Monday, April 06, 2009

Lesson #32: Never think for a minute the monkeys are not running the ship.

We watched Any Which Way But Loose the other night -- a cool classic that showcases not only how foxy Clint Eastwood was in his prime, but also how light and irreverent our society used to be before Reganomics and Clinton-era political correctness and George Bush's brow beating of American pride.

All that is beside the point. The point is, that orangutan was damn funny. And his name was Clyde.

We have a Clyde in our family, too. He's a little smaller than the red-haired beast in the movie, but he moves the same way, in that bowl-legged cowboy monkey swagger, throwing his hands up in the air and pumping them this way and that. He grins the same too, wide lipped and cheesy, eyes squinty and nose crinkled, a face throwing joy into the world.

And it occurred to me, as it has before when my own children were toddlers, how much children resemble monkeys.

I've been told that having a pet monkey is much like having a toddler. They must wear a diaper if you care at all for the cleanliness of your carpet, they get into everything, they throw food, they scream and chatter, they play practical jokes, they give you great big sloppy kisses and they communicate through gestures and exaggerated movements of their eyeballs. The only difference is monkeys never grow up.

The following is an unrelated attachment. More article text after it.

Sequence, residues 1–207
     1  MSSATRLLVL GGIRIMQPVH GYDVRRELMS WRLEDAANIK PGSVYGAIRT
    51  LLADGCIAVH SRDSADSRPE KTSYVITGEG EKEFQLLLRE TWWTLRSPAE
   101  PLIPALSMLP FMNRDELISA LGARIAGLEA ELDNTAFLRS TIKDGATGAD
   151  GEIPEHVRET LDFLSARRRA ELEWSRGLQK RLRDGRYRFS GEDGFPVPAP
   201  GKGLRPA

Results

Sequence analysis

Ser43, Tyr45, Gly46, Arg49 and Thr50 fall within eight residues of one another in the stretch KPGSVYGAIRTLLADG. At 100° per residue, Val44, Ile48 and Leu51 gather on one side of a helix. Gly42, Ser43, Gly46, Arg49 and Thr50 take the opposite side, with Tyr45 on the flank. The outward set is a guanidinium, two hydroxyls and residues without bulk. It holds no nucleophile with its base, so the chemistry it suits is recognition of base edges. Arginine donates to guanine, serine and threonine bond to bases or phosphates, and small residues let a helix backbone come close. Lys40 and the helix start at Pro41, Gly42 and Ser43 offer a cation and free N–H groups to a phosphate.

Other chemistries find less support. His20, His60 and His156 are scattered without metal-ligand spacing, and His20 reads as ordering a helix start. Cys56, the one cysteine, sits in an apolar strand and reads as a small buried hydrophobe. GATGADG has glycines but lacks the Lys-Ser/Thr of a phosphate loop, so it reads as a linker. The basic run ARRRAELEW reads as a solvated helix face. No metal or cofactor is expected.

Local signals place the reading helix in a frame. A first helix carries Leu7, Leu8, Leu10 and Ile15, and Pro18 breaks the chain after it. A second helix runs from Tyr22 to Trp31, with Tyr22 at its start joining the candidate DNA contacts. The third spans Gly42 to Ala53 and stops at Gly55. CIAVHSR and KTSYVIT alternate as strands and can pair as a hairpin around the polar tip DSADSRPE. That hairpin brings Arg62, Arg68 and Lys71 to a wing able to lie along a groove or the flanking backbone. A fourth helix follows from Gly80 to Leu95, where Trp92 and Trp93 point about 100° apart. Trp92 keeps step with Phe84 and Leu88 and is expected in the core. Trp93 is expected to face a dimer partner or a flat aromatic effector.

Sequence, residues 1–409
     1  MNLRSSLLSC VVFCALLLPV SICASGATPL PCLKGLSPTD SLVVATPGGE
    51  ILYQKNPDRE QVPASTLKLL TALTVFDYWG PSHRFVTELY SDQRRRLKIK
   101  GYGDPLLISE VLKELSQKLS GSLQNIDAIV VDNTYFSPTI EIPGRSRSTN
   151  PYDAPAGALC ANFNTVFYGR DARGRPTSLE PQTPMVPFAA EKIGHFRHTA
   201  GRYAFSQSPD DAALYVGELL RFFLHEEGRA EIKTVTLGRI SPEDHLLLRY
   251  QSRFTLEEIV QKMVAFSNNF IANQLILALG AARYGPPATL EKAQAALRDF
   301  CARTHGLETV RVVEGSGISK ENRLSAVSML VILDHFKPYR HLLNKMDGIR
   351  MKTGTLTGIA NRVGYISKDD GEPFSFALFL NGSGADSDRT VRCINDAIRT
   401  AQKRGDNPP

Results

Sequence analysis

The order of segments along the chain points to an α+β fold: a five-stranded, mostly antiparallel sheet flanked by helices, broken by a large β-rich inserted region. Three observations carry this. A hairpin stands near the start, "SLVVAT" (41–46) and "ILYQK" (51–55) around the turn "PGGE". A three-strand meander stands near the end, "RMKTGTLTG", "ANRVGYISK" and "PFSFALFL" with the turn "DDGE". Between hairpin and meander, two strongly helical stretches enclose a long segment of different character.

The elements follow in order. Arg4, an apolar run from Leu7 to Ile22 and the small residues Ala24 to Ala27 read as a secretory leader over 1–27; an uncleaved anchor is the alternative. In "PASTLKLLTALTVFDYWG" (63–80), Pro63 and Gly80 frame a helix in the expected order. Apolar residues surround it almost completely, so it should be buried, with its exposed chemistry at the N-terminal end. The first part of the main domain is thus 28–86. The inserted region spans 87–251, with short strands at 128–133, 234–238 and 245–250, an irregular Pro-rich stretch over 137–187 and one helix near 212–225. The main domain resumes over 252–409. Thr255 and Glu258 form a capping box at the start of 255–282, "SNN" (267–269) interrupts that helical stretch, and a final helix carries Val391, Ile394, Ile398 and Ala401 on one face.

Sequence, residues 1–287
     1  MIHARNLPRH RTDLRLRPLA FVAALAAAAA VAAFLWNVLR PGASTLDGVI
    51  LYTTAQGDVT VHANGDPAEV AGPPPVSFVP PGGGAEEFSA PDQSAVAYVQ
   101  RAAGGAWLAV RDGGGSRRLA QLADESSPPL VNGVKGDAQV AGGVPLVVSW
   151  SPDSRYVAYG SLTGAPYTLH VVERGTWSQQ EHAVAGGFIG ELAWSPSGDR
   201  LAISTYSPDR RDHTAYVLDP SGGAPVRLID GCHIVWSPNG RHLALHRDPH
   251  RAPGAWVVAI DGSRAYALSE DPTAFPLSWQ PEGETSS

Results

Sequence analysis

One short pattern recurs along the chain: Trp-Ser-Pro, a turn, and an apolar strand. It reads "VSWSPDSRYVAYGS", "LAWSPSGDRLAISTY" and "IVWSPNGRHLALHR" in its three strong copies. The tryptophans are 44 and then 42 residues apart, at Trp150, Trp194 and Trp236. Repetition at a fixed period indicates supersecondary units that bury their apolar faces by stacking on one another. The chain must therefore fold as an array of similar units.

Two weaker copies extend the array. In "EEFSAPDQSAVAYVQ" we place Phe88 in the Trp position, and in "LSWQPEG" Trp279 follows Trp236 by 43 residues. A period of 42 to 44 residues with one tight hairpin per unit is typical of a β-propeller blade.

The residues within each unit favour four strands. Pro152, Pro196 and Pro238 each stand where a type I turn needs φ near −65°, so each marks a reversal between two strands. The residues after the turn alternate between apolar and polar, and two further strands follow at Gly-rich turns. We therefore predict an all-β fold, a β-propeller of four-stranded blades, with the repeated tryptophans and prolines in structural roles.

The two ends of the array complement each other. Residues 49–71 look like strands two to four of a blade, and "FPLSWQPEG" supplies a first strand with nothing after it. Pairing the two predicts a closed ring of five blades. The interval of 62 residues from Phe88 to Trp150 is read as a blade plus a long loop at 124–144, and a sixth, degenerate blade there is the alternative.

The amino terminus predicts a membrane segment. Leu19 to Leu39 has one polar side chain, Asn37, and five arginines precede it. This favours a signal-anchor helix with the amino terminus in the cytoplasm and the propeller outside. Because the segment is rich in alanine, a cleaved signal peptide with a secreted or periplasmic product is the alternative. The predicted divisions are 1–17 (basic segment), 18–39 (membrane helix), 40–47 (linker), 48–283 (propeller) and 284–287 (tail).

I miss my little monkeys. They're big as apes now, strong, broad-backed and intimidating. But they'll still throw their arms around me and lift me off the ground in their great big bonobo hugs. It's one of the great joys of motherhood, watching the evolution of life as it occurs before you.

Disclaimer: Now I understand such a base comparison might offend some mothers who prefer to think their little ones are much too classy, refined and evolved to be compared to monkeys (I can hear the clamor now). Bottom line is, I come from a long line of bonobos, and I'm damn proud of it. It's too bad more of us weren't proud of our humble beginnings -- we'd all be much more forgiving of others.